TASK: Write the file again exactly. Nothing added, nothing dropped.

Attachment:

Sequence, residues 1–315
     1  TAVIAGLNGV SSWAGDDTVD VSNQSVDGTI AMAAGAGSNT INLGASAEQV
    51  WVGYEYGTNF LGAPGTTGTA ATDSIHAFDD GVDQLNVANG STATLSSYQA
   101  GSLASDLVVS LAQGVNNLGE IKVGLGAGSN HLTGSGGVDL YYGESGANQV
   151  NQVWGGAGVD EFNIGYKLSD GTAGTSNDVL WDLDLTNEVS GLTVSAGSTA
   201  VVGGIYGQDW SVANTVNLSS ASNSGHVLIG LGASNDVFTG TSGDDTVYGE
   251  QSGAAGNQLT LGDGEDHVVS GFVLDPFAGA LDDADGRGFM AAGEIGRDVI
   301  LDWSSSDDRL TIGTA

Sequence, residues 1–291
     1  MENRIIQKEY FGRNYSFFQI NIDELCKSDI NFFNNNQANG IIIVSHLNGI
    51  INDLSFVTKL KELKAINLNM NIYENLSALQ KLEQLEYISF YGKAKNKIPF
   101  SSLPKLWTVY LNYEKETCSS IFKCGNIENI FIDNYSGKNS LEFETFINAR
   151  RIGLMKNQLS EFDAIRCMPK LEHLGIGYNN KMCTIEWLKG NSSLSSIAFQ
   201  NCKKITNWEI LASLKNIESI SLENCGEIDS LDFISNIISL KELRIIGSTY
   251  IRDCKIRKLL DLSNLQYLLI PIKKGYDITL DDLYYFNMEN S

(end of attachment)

Sequence, residues 1–315
     1  TAVIAGLNGV SSWAGDDTVD VSNQSVDGTI AMAAGAGSNT INLGASAEQV
    51  WVGYEYGTNF LGAPGTTGTA ATDSIHAFDD GVDQLNVANG STATLSSYQA
   101  GSLASDLVVS LAQGVNNLGE IKVGLGAGSN HLTGSGGVDL YYGESGANQV
   151  NQVWGGAGVD EFNIGYKLSD GTAGTSNDVL WDLDLTNEVS GLTVSAGSTA
   201  VVGGIYGQDW SVANTVNLSS ASNSGHVLIG LGASNDVFTG TSGDDTVYGE
   251  QSGAAGNQLT LGDGEDHVVS GFVLDPFAGA LDDADGRGFM AAGEIGRDVI
   301  LDWSSSDDRL TIGTA

Sequence, residues 1–291
     1  MENRIIQKEY FGRNYSFFQI NIDELCKSDI NFFNNNQANG IIIVSHLNGI
    51  INDLSFVTKL KELKAINLNM NIYENLSALQ KLEQLEYISF YGKAKNKIPF
   101  SSLPKLWTVY LNYEKETCSS IFKCGNIENI FIDNYSGKNS LEFETFINAR
   151  RIGLMKNQLS EFDAIRCMPK LEHLGIGYNN KMCTIEWLKG NSSLSSIAFQ
   201  NCKKITNWEI LASLKNIESI SLENCGEIDS LDFISNIISL KELRIIGSTY
   251  IRDCKIRKLL DLSNLQYLLI PIKKGYDITL DDLYYFNMEN S